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Students are Leading the Way Combating Bias in Schools

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    Jasmine Ntori

Traditionally, Black History Month is a time to reflect upon, acknowledge and honor Black leaders who significantly changed and influenced America’s history. Just as it is important to honor those who came before us, it is just as necessary to acknowledge and spotlight those who are leaders today. During Black History Month, and throughout the year, we will profile a few of the many Black voices and EL Education partners who are making waves in education.

This blog is part of a series. Read the first and second blog posts in this series.

The Intersection of Race and Education

In my years as a student, I have experienced the way race can become a significant part of a student’s educational experience. For nearly all of my schooling, I’ve been one of the only Black people in the entire school. I’ve had teachers assume that I was rude or did not care about my education.When I proved otherwise, they told me that they were impressed or shocked because it challenged their expectation of me. In middle school, when I expressed an interest in joining the chess club a fellow student said, “You’re Black. Black people do not play chess.”

In the fall of 2018, I had the first opportunity to do something about the experiences that had become the status quo. I took a class called Critical Thinking About Race. We dug deep into issues like the history of race, social classes, how race affects us, intersectionality, and so much more. Some of the most impactful work began at the end of the class while completing our final projects. Our class was tasked with building a two-hour workshop to educate our teachers on what we’d learned. We sat down with our teachers and had deep, open, and honest conversations about the impacts of bias and how they show up in classrooms.

"Our teachers didn’t have to tell us that they heard us, we could see that they heard us." Jasmine Ntori, Student at William Smith High School

Teachers began instituting techniques to mitigate bias. For example, they introduced the “popsicle stick protocol.” When using this protocol, teachers randomly pull a popsicle stick with a student’s name on it instead of calling on students to eliminate preference or bias. During our workshop, we also explored blindspots with our teachers to make them more self-aware.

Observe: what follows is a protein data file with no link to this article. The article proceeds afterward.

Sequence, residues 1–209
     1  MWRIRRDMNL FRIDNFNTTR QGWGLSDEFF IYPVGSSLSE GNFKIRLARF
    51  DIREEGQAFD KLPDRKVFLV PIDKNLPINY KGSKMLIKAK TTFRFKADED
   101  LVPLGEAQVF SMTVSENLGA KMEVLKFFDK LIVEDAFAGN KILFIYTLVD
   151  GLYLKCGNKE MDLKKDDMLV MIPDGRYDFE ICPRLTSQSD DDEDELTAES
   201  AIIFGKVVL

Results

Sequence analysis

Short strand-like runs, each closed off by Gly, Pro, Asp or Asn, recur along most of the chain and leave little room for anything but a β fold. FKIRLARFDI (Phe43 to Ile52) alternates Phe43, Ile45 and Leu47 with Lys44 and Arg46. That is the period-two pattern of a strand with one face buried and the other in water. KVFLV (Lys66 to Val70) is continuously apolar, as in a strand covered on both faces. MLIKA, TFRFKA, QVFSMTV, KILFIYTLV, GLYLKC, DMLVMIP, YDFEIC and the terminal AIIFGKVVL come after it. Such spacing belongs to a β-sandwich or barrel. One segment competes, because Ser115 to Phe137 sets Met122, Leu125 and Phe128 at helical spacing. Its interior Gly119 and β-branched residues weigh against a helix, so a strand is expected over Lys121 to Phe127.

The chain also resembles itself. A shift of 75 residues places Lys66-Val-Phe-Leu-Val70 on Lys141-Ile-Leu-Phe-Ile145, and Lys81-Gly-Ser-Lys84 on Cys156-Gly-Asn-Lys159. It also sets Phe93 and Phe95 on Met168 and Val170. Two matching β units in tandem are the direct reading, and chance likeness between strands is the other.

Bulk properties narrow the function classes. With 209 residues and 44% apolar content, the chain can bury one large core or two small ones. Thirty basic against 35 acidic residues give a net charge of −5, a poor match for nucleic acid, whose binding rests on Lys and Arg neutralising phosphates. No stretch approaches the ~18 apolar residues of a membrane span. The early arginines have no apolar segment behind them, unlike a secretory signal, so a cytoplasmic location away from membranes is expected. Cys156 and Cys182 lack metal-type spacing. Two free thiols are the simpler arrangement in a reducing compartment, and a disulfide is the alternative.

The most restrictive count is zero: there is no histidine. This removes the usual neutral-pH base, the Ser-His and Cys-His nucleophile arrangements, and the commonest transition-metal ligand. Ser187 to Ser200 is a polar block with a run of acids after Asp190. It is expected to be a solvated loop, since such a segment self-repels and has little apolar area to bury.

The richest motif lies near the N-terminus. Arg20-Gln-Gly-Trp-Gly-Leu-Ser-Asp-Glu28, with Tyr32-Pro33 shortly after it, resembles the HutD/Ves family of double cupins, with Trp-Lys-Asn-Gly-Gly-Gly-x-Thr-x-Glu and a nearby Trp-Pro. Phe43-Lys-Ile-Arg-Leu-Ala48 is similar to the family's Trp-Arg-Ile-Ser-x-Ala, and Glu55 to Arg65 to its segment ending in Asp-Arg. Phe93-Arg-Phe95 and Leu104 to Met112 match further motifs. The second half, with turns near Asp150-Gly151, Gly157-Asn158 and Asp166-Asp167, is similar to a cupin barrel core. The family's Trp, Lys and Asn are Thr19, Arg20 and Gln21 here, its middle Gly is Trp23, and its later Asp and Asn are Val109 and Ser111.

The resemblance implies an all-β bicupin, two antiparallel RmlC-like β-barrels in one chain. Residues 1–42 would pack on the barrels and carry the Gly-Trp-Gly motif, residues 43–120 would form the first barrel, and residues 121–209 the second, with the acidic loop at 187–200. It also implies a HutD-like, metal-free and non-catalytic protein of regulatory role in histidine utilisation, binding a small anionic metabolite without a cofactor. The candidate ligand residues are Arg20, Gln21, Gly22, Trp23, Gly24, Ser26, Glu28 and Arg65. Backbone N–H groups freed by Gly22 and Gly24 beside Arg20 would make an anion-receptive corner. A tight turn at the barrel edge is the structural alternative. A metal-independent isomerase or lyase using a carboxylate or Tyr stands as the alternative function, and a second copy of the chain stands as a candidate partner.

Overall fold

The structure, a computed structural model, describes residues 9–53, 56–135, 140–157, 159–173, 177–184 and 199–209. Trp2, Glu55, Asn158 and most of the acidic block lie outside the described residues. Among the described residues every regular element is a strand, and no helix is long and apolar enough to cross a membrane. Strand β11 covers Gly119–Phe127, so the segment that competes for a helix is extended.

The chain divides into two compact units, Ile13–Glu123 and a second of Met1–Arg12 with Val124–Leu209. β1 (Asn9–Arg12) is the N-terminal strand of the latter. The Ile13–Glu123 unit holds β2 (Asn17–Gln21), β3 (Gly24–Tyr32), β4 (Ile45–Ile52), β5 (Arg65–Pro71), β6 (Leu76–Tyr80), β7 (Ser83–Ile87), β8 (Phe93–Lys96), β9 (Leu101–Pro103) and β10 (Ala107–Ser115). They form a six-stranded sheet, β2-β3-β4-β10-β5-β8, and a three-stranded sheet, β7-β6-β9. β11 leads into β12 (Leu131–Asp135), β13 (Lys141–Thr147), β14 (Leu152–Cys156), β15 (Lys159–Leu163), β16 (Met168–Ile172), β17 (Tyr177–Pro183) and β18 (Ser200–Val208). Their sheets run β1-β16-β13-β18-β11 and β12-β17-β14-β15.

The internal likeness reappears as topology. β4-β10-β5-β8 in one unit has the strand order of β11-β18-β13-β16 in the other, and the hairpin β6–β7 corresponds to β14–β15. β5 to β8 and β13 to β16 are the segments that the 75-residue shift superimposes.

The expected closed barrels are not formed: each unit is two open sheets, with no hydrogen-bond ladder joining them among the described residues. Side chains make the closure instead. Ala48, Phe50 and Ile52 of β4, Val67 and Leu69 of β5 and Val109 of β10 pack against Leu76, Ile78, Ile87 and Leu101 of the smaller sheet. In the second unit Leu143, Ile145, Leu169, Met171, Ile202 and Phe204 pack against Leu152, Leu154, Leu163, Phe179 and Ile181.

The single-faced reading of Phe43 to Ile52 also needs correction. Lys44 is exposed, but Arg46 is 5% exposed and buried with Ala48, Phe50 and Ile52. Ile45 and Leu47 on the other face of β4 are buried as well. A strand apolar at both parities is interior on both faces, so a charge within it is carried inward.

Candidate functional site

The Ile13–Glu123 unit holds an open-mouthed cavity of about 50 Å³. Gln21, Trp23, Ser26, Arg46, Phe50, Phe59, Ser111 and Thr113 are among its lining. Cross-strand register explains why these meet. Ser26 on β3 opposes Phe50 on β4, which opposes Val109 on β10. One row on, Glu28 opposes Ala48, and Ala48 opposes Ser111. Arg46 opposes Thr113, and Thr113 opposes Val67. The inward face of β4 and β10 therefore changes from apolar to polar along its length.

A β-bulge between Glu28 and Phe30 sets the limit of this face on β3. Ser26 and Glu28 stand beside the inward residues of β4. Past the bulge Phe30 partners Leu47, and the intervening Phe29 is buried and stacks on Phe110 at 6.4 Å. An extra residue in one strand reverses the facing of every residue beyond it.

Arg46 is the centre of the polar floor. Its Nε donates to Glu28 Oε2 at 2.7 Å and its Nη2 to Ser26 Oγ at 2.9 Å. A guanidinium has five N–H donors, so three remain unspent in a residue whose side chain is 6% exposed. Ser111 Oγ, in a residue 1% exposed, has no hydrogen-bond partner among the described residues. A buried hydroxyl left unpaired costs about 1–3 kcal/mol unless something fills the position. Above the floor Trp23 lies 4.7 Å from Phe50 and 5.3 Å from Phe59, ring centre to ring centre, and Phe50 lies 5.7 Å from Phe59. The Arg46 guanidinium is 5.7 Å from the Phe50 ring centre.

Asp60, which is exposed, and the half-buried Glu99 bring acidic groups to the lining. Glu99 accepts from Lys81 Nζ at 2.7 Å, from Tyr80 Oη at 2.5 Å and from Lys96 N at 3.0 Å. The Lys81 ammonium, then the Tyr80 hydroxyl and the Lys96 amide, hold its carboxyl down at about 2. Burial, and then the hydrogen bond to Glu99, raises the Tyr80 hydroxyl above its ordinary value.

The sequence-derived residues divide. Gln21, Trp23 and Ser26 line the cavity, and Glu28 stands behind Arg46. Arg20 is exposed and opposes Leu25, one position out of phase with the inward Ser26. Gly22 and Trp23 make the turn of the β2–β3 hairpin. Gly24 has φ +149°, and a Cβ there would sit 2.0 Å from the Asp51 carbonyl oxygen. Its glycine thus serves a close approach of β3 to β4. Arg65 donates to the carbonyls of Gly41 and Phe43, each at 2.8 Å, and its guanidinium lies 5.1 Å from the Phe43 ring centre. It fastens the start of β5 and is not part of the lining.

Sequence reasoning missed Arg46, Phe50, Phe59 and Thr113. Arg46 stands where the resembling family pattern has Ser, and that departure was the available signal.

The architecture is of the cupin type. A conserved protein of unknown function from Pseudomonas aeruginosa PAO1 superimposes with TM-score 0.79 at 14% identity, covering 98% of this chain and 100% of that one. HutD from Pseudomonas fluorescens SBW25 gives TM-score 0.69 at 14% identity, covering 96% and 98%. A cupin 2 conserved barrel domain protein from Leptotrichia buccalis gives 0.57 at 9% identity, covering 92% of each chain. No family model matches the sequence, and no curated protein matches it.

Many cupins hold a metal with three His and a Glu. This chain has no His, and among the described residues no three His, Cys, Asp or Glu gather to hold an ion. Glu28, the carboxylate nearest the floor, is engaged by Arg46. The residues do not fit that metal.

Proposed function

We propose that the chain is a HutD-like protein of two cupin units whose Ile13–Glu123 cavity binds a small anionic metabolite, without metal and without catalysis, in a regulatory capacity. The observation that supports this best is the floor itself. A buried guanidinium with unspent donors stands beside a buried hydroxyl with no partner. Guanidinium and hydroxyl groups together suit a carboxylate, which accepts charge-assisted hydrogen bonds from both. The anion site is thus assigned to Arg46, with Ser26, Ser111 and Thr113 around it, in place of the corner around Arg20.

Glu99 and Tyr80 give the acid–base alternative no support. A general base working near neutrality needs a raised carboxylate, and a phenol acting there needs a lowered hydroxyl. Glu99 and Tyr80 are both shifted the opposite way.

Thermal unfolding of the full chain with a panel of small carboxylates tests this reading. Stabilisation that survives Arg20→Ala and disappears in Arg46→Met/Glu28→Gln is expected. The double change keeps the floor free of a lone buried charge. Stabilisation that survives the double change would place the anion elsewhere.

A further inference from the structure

The Critical Thinking about Race class opened the eyes of students and teachers to all the ways race threads through issues like social class, implicit bias, micro-aggressions, and even police brutality.

Taking the Impact Beyond School Walls

The impact on educators didn’t stop with our own teachers. I, and the other lead facilitators, began doing workshops for teachers all over Denver. What started out as a project in our classroom was now making a huge impact for students and educators across the state. The peak of our work was having the opportunity to travel to Atlanta for the 2019 EL Education National Conference and do a masterclass for educators from across the country. During our masterclass session, we explained to educators that students want to be heard, but to get there, they need to know that even though you’re a teacher, you’re a human. We charged them to create a space where students know that everything they say is safe instead of getting defensive if a student challenges a behavior. In order for minority students to really flourish in the classroom, they need to feel like they belong. This cannot happen if the teachers and students are not exposed to issues around race such as intersectionality, micro-aggressions, implicit bias, and more.

The response was better than we could have imagined. The room was packed with educators eager to learn. They stayed after the session to ask more questions. I could see and feel the ripple effects of our work impacting schools across the country.

Looking Internally for External Change

As a black woman, I thought I knew all about race because of my lived experiences. However, through these experiences I learned something new about myself and other cultures every day. Instead of pointing fingers, we can look inward and fix issues within ourselves first. We ask ourselves: How have I contributed to some of the issues that have to do with race? How has race impacted my life? When it comes to race and racism, none of us know it all, but we can all make a positive impact.

Jasmine Ntori is a senior at William Smith High School, an EL Education Credentialed School. Her teammates in this work are Andres Sanchez, Cynthia Nava, Dom Wortham, Maxwell Cervantes, and Jesus Garcia.